The independence of the dorsal and ventral fins is supported by the phenotypes of a variety of zebrafish mutants. The tadpole's fin is homologous to the unpaired (medial) fin fold of larval fish. This fin fold disappears during development and is replaced by three distinct adult fins, the unpaired anal, tail, and dorsal fins, during the first 4 weeks of postembryonic development. Defects in this embryonic fin fold are observed in many zebrafish mutants, such as those that show bubbly fin folds, or undulations in the fin epithelium, but of relevance to this study, many mutants have defects that affect specifically the ventral fin fold (van Eeden et al., 1996). Dorsalising mutations such as mini fin and lost-a-fin show deletions of the ventral tail fin. mini fin encodes tolloid, a metalloprotease that can cleave chordin and, thus, increase BMP activity, while lost-a-fin encodes Alk8, which acts as a Bmp receptor. In both mutants, Bmp activity is reduced and the whole embryo becomes dorsalized at the end of gastrulation (Connors et al., 1999; Bauer et al., 2001). Ventral markers are reduced in these mutants, and it possible that the loss of ventral tissue and, therefore, the ventral inducer has resulted in loss of the ventral fin. We have shown previously that BMP signaling can drive tail outgrowth in Xenopus embryos (Beck et al., 2001). In these zebrafish mutants, the dorsal inducer, the neural crest, is still present but is unable to induce ventral fin development. In contrast, in mutants that are ventralized, such as mercedes and dino, the ventral fin is duplicated (van Eeden et al., 1996). In embryos that are severely ventralized and posteriorized, such as ichabod, the embryos fail to form a head and notochord but instead have an abnormally large ventral tail fin (Kelly et al., 2000). An expansion of the ventral domain thus leads to the formation of larger or multiple ventral fins. The phenotype of these mutants agrees with our conclusion that the ventral fin is both induced by and populated with cells from the ventral mesoderm and is initially independent of the neural crest.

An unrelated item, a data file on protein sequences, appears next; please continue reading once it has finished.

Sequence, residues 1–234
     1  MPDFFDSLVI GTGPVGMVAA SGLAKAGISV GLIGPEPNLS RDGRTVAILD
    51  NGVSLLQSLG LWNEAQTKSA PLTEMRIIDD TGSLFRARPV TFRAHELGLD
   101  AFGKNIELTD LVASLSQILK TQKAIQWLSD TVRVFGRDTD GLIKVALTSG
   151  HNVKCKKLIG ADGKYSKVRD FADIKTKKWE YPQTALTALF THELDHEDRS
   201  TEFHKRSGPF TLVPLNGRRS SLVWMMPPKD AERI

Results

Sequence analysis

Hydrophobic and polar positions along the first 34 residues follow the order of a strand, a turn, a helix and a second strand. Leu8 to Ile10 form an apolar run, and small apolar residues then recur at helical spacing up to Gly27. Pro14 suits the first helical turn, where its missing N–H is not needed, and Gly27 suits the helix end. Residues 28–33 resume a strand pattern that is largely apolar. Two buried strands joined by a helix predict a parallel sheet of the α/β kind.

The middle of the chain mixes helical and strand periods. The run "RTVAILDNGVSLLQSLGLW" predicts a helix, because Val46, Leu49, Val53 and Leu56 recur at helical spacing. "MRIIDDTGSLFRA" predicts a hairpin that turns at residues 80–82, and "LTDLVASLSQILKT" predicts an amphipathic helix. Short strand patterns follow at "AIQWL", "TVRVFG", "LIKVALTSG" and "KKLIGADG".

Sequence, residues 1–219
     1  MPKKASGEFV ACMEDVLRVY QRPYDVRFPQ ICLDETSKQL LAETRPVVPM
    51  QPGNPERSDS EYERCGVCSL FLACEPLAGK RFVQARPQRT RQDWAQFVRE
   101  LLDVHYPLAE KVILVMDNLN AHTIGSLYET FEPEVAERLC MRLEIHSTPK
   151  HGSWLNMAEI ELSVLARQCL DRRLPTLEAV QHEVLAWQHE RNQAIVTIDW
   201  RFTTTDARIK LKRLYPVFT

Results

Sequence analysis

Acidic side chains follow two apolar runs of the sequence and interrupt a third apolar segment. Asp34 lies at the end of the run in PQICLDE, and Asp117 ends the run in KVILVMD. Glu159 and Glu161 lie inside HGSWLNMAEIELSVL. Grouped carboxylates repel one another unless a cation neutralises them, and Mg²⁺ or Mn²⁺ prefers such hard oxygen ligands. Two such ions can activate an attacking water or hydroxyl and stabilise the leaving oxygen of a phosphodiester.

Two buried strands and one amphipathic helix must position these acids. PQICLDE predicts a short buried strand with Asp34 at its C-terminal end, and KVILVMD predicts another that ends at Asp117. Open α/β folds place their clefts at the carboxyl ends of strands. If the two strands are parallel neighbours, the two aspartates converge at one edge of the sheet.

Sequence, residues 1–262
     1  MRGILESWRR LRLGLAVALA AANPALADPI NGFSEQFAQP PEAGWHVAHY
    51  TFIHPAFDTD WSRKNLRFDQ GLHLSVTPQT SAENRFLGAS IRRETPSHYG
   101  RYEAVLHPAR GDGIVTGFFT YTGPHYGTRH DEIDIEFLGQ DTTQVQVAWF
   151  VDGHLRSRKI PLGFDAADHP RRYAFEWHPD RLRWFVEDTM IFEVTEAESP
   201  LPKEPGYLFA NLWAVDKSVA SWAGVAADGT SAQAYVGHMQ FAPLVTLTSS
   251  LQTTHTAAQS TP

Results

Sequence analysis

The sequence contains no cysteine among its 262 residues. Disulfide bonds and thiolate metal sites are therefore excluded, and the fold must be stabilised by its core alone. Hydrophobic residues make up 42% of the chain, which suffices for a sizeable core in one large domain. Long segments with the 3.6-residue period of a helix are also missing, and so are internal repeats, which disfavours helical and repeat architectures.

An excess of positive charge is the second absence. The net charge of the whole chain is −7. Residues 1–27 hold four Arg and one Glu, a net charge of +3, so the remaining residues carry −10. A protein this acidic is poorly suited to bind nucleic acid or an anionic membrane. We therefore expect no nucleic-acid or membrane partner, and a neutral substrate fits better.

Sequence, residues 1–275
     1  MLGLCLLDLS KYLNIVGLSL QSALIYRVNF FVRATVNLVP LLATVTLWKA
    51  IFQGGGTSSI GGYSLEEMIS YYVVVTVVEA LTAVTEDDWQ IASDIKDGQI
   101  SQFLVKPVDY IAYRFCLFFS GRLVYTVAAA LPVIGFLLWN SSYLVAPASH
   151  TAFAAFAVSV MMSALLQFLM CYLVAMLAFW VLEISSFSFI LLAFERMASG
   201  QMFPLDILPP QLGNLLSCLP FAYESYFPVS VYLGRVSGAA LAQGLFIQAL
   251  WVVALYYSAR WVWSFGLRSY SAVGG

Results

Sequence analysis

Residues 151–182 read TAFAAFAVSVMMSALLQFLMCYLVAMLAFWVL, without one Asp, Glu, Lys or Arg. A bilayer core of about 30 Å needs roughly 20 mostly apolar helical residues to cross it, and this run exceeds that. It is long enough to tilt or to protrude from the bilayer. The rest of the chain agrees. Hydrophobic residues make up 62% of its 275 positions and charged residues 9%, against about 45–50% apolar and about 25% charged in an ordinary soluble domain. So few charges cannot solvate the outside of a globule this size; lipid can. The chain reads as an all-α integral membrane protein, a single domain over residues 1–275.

EXPERIMENTAL PROCEDURES

  1. Top of page
  2. Abstract
  3. INTRODUCTION
  4. RESULTS
  5. DISCUSSION
  6. EXPERIMENTAL PROCEDURES
  7. Acknowledgements
  8. REFERENCES

Embryos

Xenopus laevis embryos were obtained by standard procedures and staged according to Nieuwkoop and Faber (1967). Embryos were incubated in NAM/10 at 24°C after dejellying with 2% cysteine, pH 7.9 in Petri dishes coated with 1% noble agar. Embryos were fixed in 10% formalin in phosphate buffered saline overnight at 4°C and stored in methanol.

Fate Mapping

Embryos were injected shortly after fertilization with 9.6 nl of FDA at 50 mg/ml in water. Injections were carried out in NAM/2plus 5% Ficoll. The label had been previously dialyzed to remove any low molecular mass impurities. Pieces of labeled tissue were carefully excised by using tungsten needles and then implanted into unlabeled host embryos where similar-sized pieces of tissue had been ablated. Grafts were held in place by using glass coverslip fragments until the tissue had adhered, the host embryo having been embedded in an agar hole to prevent movement and squashing. Embryos were left to develop until the fins had fully formed (stage 40/41). The graft was visualized by using a Zeiss fluorescence microscope.

Explant Culture

Operations were carried out in full-strength NAM salts, after which the explanted tissue was cultured in NAM/2 at 14–18°C. Explants were incubated until control embryos had reached stage 40/41. For cocultures, the prospective inducing tissue (neural crest, lateral or ventral mesoderm, or mesoderm and endoderm) was sandwiched between two pieces of epidermis and held together by a small piece of glass coverslip in a hole cut in a plate coated with agarose until healing around the tissue had occurred.

Extirpation Experiments

Operations were carried out in full-strength NAM salts, after which the embryos were cultured in NAM/2 at 14–18°C. Embryos were embedded in agarose holes to prevent movement during the dissections. For the experiments where the epidermis was replaced, tissue was cut on three sides and the epidermis (with or without mesoderm) folded back to reveal the underlying mesoderm/endoderm. After ablation, the epidermis was then folded back and held in place with a glass coverslip until the wound healed.

After photographing, tails were embedded in wax and sectioned to show the extent of the ventral fin defects. Slides were stained with hematoxylin/eosin.

Acknowledgements

  1. Top of page
  2. Abstract
  3. INTRODUCTION
  4. RESULTS
  5. DISCUSSION
  6. EXPERIMENTAL PROCEDURES
  7. Acknowledgements
  8. REFERENCES

This work was supported by Cancer Research UK, the Wellcome Trust, and the Medical Research Council. For the experiments at King's College London, Xenopus embryos were kindly provided by Alison Snape and Georgina Fletcher.

REFERENCES

  1. Top of page
  2. Abstract
  3. INTRODUCTION
  4. RESULTS
  5. DISCUSSION
  6. EXPERIMENTAL PROCEDURES
  7. Acknowledgements
  8. REFERENCES